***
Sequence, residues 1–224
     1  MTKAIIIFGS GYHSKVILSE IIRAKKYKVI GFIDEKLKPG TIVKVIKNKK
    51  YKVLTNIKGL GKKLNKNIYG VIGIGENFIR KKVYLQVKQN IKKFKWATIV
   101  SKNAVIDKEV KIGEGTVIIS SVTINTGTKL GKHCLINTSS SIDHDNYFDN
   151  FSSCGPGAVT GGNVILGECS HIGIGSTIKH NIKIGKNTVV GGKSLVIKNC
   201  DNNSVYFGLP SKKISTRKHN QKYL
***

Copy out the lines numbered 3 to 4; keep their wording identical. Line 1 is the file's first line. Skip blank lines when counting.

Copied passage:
    51  YKVLTNIKGL GKKLNKNIYG VIGIGENFIR KKVYLQVKQN IKKFKWATIV
   101  SKNAVIDKEV KIGEGTVIIS SVTINTGTKL GKHCLINTSS SIDHDNYFDN